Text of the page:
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Houseplant Help: Is It OK to Reuse Potting Soil?

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Houseplant Help: Is It OK to Reuse Potting Soil?

January 28, 2020

When repotting a houseplant or transplanting seedlings to a window box, the urban gardener has to answer a basic container-gardening question: Is it OK to reuse potting soil? Or should I start fresh?

The basic answer is yes, it’s possible to reuse potting soil. But first do a few things to perk it up–and replace its nutrients. Here’s how:

Photography by Erin Boyle.

1. Remove old plant matter (roots, twigs, leaves).

I transplant spring bulbs from their nursery pots to my window box, where they will bloom.
Above: I transplant spring bulbs from their nursery pots to my window box, where they will bloom.

I plucked from the window box the dried-up winter greens I had used to decorate it in January.

2. Fluff the soil.

Soil remediation under way.
Above: Soil remediation under way.

OK. ready to begin the soil remediation. Basic science tells us that plants use the nutrients in soil to grow. Over time, reusing the same potting soil in container gardening can deplete the nutrient stores in the soil and result in lackluster plants. Luckily, there’s no need to do a wholesale soil dump each spring.

To prep the box, I used a trowel to turn my soil. Turning the soil had the dual purpose of making sure that it wasn’t invested with bugs–in which case a dump might be worth it—and making sure that the soil is light and fluffy. Hard and compacted soil doesn’t leave enough room for roots to grow, so this step is crucial. Use a sturdy trowel; a Transplant Trowel from DeWit, similar to mine, is $35.50 from Garrett Wade.

3. Add nutrients to the soil.

To amend the soil, you can also add compost that you blend yourself at home or purchase from a farmer friend.
Above: To amend the soil, you can also add compost that you blend yourself at home or purchase from a farmer friend.

After I “tilled” my window box soil, I added a soil amendment. From a local shop, I bought a small bag of Plant-Tone Organic Plant Food (a four-pound bag is $9.84 from Amazon). The mixture is an organic blend of bone meal, feather meal, poultry manure, and other stuff that smells a little funny but will return to the soil the nutrients that it might have lost.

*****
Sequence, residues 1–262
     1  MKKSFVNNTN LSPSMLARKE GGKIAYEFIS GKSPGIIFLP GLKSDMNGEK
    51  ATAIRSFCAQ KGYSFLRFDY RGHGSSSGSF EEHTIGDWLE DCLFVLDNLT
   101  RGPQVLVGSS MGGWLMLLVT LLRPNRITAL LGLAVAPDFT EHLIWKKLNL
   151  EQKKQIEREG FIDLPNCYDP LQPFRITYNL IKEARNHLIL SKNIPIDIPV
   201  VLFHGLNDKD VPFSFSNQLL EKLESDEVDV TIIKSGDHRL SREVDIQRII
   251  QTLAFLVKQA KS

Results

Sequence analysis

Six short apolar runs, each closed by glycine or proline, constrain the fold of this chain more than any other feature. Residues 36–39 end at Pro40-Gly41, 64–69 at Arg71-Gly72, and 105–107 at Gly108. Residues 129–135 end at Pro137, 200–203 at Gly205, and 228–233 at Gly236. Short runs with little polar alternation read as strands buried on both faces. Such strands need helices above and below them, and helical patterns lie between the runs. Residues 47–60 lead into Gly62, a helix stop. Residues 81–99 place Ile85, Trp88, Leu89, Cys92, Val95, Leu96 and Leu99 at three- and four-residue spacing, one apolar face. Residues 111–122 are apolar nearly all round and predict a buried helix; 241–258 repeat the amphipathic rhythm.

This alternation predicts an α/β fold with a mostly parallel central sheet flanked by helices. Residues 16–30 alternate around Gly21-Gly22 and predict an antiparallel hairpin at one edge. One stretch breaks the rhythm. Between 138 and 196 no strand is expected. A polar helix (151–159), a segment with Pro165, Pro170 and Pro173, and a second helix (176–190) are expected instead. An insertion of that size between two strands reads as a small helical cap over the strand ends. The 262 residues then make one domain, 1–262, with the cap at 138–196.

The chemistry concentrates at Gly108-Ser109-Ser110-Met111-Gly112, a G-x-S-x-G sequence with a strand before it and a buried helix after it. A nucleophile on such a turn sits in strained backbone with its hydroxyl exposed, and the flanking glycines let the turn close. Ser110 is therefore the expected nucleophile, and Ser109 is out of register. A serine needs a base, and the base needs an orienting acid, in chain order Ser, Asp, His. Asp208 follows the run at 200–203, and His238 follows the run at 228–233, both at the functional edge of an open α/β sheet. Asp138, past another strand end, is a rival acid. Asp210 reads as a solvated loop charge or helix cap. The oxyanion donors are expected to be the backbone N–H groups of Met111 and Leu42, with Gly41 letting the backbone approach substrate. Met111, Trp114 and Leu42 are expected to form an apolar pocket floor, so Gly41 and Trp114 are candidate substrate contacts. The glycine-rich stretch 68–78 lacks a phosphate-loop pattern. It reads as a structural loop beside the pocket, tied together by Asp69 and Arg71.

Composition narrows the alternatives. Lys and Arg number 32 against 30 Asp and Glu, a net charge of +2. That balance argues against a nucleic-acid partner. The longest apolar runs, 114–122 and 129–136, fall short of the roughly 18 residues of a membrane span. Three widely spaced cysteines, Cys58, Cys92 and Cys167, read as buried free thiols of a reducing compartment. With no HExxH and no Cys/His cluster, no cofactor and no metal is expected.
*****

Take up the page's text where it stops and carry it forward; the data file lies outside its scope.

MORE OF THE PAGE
4. Blend well.

I added about a cup and half of plant food to my soil and mix it well. This is definitely an occasion for breaking out the garden gloves: mine are Gardener&#8\2\17;s Goat Skin Work Gloves, \$40 from Womanswork. I knew that I&#8\2\17;d be adding potted plants with fresh soil already attached to their roots, so at this stage I scooped out some of the old soil to make room.
Above: I added about a cup and half of plant food to my soil and mix it well. This is definitely an occasion for breaking out the garden gloves: mine are Gardener’s Goat Skin Work Gloves, $40 from Womanswork. I knew that I’d be adding potted plants with fresh soil already attached to their roots, so at this stage I scooped out some of the old soil to make room.

5. Make room for plants.

I worked on a layer of brown paper bags, opened up so that after I finished I could dump any leftover soil into a storage bag (and not leave too much of a mess behind).
Above: I worked on a layer of brown paper bags, opened up so that after I finished I could dump any leftover soil into a storage bag (and not leave too much of a mess behind).

I gently separated some of the root bulbs from the mass to be able to fit them into my narrow box. Daffodil bulbs are hardy, so a little wriggling shouldn’t do any lasting damage.

So many flowering bulbs, so many ways to use them effectively in a flower bed or container garden. Get started with Everything You Need to Know About Bulbs & Tubers and see our curated Garden Design 101 guides to Daffodils, Tulips, and Lily of the Valley. And read more at:

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